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Thursday, February 13, 2020

Book Review of Ezra Levant's 'Libranos'


Ezra Levant, The Libranos (Canada: Rebel News Network Ltd., 2019), 137 pp.

As the cover of this book artistically shows, the Libranos is the Canadian Liberal government. Liberal Prime Minister Trudeau and his political operatives are the Libranos, just as Prime Minister Chretien and his Liberal network were the Libranos back before the less corrupt days of Conservative Prime Minister Harper. ‘Libranos’ is the word ‘Sopranos’ Liberalized. The Sopranos is a show about a fictional mafia family. I have never seen the show, and it probably no longer airs.

We who watch the Ezra Levant Show do not learn a lot about Trudeau and his Libranos from this book. We have been well informed by the show. But The Libranos should be read by everyone who relies on the CBC, the CTV, the Globe and Mail, or the Toronto Star for news about what really goes on in our capital when the Liberals are in power. This is ‘the other side of the story,’ which is the motto of Ezra’s Rebel News. Of the two dozen or so books that have been written about Trudeau, The Libranos is the only one that has been singled out by the Liberals for censorship; the only one whose author has been interrogated, Communist-style, for writing; and the only one that has shot up to number one on Amazon (Canadian side) after the Liberal government’s goons were shown, on video, trying to scare its author. It was after Ezra published the video of the interrogation that I decided to read the book. An author who is grilled by government-sent goons for the book he wrote is an author who deserves his book to be read. An author who is targeted, intimidated, and threatened by the government for the book he wrote deserves his book to be read. An author who stares down former RCMP officers in a scary back room must have written an important book that embarrasses a corrupt government; he deserves his book to be read.             
The statement that best summarizes the corruption, which is carefully backed up with facts and figures, is this one: “Butts [Trudeau’s best friend] may have earned enough to retire after just three years working in government” (p. 131.) This possibility is understandable from the fact that ‘more than $300 billion in new debt’ has been run up since Trudeau took office (p. 125.)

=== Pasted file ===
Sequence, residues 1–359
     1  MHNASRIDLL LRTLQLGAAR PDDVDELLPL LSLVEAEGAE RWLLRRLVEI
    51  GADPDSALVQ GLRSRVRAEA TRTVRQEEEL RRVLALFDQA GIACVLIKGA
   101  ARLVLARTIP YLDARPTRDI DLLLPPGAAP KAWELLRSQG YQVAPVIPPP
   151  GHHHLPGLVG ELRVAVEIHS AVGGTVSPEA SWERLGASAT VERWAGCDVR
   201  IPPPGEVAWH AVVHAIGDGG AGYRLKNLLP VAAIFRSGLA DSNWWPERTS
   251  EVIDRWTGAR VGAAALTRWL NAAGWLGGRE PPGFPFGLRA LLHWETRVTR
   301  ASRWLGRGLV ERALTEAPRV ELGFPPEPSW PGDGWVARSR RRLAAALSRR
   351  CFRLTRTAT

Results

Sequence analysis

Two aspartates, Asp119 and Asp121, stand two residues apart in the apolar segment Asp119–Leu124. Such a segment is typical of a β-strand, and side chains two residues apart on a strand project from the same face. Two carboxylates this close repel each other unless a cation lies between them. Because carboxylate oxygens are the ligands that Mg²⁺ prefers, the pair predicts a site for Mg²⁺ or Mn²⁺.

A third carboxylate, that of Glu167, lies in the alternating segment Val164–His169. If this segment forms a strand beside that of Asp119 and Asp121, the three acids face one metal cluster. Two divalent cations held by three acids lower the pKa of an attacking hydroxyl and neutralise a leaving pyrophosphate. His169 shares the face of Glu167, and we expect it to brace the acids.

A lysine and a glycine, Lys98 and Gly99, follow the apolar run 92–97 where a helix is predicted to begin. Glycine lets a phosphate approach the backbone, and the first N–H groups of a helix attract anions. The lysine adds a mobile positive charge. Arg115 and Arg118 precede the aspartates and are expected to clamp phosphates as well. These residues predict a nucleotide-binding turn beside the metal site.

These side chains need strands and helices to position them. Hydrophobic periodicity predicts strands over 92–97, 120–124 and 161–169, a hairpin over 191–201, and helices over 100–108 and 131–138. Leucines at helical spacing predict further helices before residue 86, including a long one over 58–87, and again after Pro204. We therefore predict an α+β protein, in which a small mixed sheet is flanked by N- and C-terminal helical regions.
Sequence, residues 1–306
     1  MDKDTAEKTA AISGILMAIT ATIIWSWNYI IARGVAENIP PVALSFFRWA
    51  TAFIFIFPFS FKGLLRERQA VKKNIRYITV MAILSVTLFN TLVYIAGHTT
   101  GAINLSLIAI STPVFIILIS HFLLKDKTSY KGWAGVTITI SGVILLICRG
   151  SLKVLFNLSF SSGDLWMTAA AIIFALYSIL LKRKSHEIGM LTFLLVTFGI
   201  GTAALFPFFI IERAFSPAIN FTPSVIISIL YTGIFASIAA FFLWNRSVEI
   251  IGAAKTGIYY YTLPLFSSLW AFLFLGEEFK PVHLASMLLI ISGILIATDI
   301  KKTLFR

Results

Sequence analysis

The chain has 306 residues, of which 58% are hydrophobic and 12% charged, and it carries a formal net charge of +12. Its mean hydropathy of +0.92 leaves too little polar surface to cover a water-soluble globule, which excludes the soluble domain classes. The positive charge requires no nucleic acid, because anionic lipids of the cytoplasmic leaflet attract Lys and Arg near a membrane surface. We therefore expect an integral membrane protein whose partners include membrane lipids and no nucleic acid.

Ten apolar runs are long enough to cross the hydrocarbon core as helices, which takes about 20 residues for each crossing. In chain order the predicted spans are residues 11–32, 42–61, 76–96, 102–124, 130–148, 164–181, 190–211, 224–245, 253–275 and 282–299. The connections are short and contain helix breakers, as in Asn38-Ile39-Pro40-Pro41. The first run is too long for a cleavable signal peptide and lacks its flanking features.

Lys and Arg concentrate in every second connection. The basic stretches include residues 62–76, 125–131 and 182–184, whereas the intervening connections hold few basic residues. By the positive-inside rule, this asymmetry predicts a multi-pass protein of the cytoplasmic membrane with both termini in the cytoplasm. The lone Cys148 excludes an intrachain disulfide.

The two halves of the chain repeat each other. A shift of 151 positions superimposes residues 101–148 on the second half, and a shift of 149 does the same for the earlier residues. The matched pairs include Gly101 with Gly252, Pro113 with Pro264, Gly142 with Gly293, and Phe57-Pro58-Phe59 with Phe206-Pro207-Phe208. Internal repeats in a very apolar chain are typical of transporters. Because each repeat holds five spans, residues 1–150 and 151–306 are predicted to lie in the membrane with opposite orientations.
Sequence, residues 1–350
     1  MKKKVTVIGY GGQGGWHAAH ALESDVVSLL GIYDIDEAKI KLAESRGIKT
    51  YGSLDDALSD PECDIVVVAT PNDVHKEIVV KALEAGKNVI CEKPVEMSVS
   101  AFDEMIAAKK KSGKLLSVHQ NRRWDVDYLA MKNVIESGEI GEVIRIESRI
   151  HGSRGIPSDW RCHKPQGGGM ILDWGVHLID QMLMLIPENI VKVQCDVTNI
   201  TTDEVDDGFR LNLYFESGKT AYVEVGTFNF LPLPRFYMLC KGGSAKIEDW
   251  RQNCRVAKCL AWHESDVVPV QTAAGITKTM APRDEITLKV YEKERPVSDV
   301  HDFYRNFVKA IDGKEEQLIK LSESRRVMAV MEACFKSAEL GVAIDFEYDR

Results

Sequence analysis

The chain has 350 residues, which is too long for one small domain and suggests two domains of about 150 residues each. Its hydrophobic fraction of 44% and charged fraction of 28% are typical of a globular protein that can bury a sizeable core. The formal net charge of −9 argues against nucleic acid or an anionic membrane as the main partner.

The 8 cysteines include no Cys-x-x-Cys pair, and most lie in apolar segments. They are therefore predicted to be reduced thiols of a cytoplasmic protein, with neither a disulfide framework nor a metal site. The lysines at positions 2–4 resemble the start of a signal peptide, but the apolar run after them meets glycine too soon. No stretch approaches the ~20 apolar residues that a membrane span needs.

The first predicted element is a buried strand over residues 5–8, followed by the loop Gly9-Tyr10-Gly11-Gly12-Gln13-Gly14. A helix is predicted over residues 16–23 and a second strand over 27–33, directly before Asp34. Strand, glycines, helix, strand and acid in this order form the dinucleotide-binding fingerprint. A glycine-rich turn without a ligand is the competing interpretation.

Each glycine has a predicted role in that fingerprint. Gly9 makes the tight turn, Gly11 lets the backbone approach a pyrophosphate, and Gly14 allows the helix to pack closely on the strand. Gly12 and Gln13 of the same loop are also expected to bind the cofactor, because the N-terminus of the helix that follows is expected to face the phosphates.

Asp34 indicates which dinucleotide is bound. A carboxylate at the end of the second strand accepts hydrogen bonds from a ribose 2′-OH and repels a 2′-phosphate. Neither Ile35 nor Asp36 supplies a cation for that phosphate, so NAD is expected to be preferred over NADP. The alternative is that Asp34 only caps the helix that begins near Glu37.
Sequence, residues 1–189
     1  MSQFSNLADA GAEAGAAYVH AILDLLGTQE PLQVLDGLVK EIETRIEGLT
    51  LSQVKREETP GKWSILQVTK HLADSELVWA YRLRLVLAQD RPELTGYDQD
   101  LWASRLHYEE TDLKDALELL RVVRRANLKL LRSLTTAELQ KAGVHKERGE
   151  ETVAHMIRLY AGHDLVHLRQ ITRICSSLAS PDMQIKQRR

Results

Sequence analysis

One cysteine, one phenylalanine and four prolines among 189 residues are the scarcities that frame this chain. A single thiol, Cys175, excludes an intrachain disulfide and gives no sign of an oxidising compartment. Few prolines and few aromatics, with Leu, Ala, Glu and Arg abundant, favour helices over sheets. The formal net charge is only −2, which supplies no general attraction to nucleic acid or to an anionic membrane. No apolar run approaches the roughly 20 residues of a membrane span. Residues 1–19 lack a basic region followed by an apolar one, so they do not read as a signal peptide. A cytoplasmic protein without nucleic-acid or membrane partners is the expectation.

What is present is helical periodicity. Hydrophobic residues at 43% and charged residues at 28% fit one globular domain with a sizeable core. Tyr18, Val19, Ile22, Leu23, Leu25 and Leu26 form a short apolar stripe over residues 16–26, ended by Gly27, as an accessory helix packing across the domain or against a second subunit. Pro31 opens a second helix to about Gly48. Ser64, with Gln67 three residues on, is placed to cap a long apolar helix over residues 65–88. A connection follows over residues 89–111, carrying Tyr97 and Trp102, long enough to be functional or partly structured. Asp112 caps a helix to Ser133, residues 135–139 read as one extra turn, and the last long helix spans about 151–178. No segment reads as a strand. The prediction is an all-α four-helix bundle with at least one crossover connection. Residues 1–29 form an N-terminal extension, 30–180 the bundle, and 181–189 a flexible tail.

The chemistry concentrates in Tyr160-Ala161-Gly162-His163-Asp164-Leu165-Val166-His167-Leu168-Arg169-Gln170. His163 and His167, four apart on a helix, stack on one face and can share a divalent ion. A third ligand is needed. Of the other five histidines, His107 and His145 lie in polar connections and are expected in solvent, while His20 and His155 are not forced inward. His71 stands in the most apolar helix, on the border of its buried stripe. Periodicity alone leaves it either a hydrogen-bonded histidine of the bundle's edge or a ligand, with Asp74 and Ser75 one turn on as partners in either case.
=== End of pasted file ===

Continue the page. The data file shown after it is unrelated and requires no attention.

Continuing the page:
Watchers of Ezra’s show may not learn a lot from this book. But we do learn a little. In chapter four we learn some things we didn’t know about the Charter; in chapter eight we learn more about the festival where Trudeau groped a reporter; in chapter eleven we learn more about Trudeau’s truancy. In his first year as PM, he “flew off to tropical St. Kitts, went skiing in Whistler, celebrated Carnaval in Quebec, chilled at an exclusive resort on Fogo Island, N.L., surfed in Tofino, hit the beach in the Bahamas, added extra personal time to an official trip to Japan to celebrate an ‘anniversary’ that had actually already passed, and caught Hamilton on Broadway during a getaway to New York City” (pp. 131, 132.) 

That quote about Trudeau’s many vacations is one out of only two sentences that I check marked for eloquence. This book is far less eloquent than it is average. It is written in the popular point form style, often with short sentences that stand in for whole paragraphs. The sentence fragments are particularly wearisome. “To repeat: Trudeau. Hit. A. Woman. On the floor of the House of Commons” (p. 88.) Writing like this, to use Ezra’s own word for something he hates, is ‘gross.’ A writer should have too much respect for the written word to write like that. No matter what we write, it should be written well, even if it’s a book of nonfiction. The other annoyance is the lack of editing that went into this effort. If I had counted all the faults that an editor should have caught, like the unintentional repeating of words, the number would have risen to fifteen or more. Sometimes the line spacing even varies. Inadequate editing may demonstrate that Ezra Levant is on a low budget like his viewers are on. But even a writer on a low budget can get better editing done than this. 

Though this book is brief enough to be called a booklet, it is annotated to the number 289! This is the book’s greatest strength: whenever wrongdoing is alleged, it is alleged with evidence. When its author was interrogated for writing the book, he was berated, not for defamation, but for publishing. This fact, all by itself, suggests that the Liberal government has totalitarian tendencies, but also that the book it is trying to ban must be full of truth.

Four stars: Liberal Government Corruption Meticulously Exposed 

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